The pandemic dramatically reduced flu cases. That could backfire.
Once doors start opening again and people venture out without taking a year’s worth of Covid-19 precautions, it’s possible there could be new strains of the flu circulating that scientists didn’t anticipate, said Cody Meissner, an infectious disease specialist and pediatrician at Tufts Children’s Hospital who also serves on the FDA vaccine advisory panel. Without a strong enough vaccine, the pandemic-weary country could experience a severe flu season just as it emerges from fighting the coronavirus.
“We may have a combination of low public health measures at the population level with a low effectiveness vaccine. And then so you might have a raging flu season next year,” said Lawrence Gostin, a global health law professor at Georgetown University.
Concerns about the knock-on effects of the shockingly quiet flu season came to the fore earlier this month at a meeting of the Food and Drug Administration’s independent vaccine advisory committee. While experts suggested there are lessons to be learned from last year’s flu season that could help prevent high flu rates in future years, they also struggled to project what next winter could bring.
“What we asked them during that meeting was, ‘Has there ever been a moment like this one?’ Where there was very little flu circulating, which one can then make a judgement about what then happened the following year, but this really is unprecedented,” said Paul Offit, a vaccine expert at the University of Pennsylvania and a member of the FDA vaccine advisory panel.
Influenza is already a tough virus to track, Gostin said, because it mutates more rapidly than other familiar viruses such as measles. The flu’s quick-change act creates multiple strains every year.
The process of predicting which flu strains will predominate in each flu season is a global effort. The World Health Organization gathers experts twice a year to forecast flu strains — once each for the Northern and Southern hemispheres — based on data collected by labs around the world. They include the Centers for Disease Control and Prevention, which is one of WHO’s six “collaborating centers” for flu research.
At the Northern Hemisphere meeting in February, experts review what strains are then circulating in the Southern Hemisphere as it approaches autumn — and use that information to interpret which strains might hit the northern part of the globe months later. In the United States, the FDA vaccine advisory committee reviews those recommendations and makes a final decision about the makeup of the flu vaccines the agency will license.
Kawsar Talaat, an assistant scientist at Johns Hopkins with an expertise in infectious disease, said that experts watch how the virus evolves over the course of the season and which strains are dominant towards the end of the season.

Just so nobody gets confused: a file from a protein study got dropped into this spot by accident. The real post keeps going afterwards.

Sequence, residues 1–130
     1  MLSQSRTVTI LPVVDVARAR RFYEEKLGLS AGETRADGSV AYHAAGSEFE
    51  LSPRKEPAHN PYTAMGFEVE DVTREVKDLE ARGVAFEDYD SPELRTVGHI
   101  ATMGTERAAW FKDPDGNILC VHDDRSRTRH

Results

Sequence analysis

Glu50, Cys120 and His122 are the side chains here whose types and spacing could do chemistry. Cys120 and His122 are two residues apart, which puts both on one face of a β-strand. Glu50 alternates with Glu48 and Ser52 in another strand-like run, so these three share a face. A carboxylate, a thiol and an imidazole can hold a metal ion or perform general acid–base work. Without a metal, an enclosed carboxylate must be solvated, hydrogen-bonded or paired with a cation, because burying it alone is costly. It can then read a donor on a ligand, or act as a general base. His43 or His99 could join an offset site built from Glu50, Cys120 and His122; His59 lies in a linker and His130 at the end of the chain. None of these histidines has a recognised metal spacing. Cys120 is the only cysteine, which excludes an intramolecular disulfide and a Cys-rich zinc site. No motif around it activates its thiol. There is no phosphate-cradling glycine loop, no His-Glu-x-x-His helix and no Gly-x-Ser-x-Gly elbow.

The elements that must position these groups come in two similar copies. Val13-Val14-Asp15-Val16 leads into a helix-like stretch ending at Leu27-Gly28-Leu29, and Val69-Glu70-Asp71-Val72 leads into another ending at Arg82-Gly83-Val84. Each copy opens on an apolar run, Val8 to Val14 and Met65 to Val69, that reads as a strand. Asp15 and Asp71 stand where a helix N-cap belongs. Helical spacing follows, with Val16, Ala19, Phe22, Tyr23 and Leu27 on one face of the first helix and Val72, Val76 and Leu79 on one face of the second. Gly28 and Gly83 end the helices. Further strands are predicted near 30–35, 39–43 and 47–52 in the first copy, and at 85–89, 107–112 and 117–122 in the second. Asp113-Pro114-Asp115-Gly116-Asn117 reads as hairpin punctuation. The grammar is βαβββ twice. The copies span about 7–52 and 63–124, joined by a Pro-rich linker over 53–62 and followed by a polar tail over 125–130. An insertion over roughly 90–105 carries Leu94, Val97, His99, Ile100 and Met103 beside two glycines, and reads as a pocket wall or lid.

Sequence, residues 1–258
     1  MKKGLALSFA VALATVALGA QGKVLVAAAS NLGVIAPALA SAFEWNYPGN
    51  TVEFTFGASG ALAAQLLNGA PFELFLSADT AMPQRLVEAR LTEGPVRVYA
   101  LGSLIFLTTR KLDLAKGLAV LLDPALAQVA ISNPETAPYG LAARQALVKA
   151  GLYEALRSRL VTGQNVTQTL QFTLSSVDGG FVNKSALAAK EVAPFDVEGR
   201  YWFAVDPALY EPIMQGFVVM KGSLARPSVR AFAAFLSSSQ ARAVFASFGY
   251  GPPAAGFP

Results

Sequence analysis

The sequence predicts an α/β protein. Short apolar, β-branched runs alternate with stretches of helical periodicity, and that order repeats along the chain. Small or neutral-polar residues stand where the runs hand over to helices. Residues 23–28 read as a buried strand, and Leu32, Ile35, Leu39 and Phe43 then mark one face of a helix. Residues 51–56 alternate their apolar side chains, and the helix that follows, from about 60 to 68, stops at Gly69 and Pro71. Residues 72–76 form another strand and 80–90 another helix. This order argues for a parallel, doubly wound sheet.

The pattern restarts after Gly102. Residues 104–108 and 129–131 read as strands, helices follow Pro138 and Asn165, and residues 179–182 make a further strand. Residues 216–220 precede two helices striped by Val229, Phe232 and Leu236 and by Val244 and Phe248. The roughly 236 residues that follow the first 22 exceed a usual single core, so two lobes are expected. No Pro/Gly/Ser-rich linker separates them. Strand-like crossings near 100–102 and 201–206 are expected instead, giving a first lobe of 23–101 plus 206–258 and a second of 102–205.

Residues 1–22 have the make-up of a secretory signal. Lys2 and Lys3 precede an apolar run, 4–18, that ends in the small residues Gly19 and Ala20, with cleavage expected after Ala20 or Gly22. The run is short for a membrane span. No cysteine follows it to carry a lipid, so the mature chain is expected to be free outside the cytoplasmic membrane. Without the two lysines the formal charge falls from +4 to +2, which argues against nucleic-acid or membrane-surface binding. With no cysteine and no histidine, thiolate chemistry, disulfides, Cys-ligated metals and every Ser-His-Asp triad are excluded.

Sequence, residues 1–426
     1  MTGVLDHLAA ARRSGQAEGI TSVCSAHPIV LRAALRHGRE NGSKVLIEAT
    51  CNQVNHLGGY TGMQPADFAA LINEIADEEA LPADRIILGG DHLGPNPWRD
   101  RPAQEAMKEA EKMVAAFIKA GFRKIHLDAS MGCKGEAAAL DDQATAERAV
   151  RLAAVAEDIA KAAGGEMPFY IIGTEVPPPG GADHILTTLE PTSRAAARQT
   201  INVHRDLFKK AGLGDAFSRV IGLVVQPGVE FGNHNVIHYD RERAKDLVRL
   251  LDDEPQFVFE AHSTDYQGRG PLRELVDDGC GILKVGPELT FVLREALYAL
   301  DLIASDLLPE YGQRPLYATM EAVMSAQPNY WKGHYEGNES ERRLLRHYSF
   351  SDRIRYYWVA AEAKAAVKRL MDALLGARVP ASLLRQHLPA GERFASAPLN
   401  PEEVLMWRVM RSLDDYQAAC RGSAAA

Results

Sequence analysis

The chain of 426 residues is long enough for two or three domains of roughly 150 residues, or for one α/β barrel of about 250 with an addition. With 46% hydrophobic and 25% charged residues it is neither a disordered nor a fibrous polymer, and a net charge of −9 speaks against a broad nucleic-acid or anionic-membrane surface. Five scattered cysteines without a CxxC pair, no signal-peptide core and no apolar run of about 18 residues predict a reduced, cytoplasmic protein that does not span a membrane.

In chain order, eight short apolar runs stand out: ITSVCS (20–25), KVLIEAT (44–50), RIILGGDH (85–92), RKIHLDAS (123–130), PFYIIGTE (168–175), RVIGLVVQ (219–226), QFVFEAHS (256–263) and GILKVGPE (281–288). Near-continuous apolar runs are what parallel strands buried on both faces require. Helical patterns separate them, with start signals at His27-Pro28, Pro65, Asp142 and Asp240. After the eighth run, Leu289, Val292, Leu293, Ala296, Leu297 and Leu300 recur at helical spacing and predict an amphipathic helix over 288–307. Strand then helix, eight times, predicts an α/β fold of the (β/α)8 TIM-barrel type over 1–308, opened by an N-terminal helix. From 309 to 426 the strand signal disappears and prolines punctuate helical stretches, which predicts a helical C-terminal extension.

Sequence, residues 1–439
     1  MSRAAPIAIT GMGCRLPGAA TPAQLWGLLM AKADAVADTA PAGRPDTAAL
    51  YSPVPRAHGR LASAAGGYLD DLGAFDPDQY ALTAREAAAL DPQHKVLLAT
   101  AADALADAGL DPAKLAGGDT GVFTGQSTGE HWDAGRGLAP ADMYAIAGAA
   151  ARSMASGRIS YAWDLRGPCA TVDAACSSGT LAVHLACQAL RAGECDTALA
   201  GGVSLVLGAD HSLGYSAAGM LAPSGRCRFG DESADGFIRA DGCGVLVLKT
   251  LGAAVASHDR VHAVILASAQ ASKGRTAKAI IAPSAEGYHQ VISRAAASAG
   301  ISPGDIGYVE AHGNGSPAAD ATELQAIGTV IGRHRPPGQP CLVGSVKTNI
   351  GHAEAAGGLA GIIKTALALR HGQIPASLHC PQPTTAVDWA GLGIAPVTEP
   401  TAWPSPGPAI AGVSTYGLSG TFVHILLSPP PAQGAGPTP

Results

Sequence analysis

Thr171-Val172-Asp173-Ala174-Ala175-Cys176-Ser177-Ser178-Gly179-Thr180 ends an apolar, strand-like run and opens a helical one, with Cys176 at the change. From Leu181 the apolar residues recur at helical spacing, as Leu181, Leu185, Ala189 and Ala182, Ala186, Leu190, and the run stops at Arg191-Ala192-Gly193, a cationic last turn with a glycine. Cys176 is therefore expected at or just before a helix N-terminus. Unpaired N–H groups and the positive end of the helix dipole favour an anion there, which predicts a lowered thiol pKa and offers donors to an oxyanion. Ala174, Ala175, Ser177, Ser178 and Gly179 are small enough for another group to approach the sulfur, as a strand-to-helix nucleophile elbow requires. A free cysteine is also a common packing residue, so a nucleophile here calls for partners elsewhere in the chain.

There are few precedents for the most recent U.S. flu season. The 2011-12 flu season set records for the lowest and shortest peak of flu, according to the CDC. The numbers for the last season are still just one-third the rate of the 2011-12 season, the agency reports.
That previous low year did not seem to lead to particularly bad flu season in 2012-13, Talaat said, adding that the vaccine effectiveness that year was in line with or better than most years. She said it is too early to know what the flu season next fall will look like or to predict what the likely effectiveness of the flu vaccine is.
“In 2011-2012, we had almost no flu season and so that happens from year to year. And then last year we had a three-pronged, three-peaks flu season which was also very unusual. So influenza biology is a fascinating topic,” Talaat said.
Offit said that the low levels of the virus this season still yielded enough circulation for the FDA advisory committee to pick strains for a vaccine and that he is not worried about the vaccine for next fall.
“The belief is that there was enough circulating virus to be able to pick what is likely to be the strains that are associated with next year’s flu outbreak,” Offit said.
Influenza was not the only winter respiratory virus to see low numbers this season. Rates of respiratory syncytial virus were also down, Offit said. The disappearance of winter respiratory viruses is causing health experts to wonder if the Covid-19 mitigation strategies could become a necessary tool to fight them off every year.
“I mean, could we reasonably in a winter month, wear masks just at least when we’re outside in large crowds?” Offit said. “Did we learn that or are we willing to, or are we comfortable having hundreds of 1000s of cases of hospitalizations for flu and 10s of 1000s deaths? I suspect the answer is B. We’re comfortable with that, we’re willing to have that even though we just learned, there’s a way to prevent it.”
People are ready for life to get back to normal, Gostin said, and Covid-19 pandemic fatigue could have people ditching masking and social distancing at just the right time for flu.
“Remember after the 1918 flu pandemic, most people don’t realize what happened when that was over. But what happened was the roaring ‘20s,” Gostin said. “People started congregating, mingling, hugging, kissing. All the things they missed. They crowded into theaters and stadiums and went back to church. That’s what’s likely to happen this fall and that makes the influenza virus very happy.”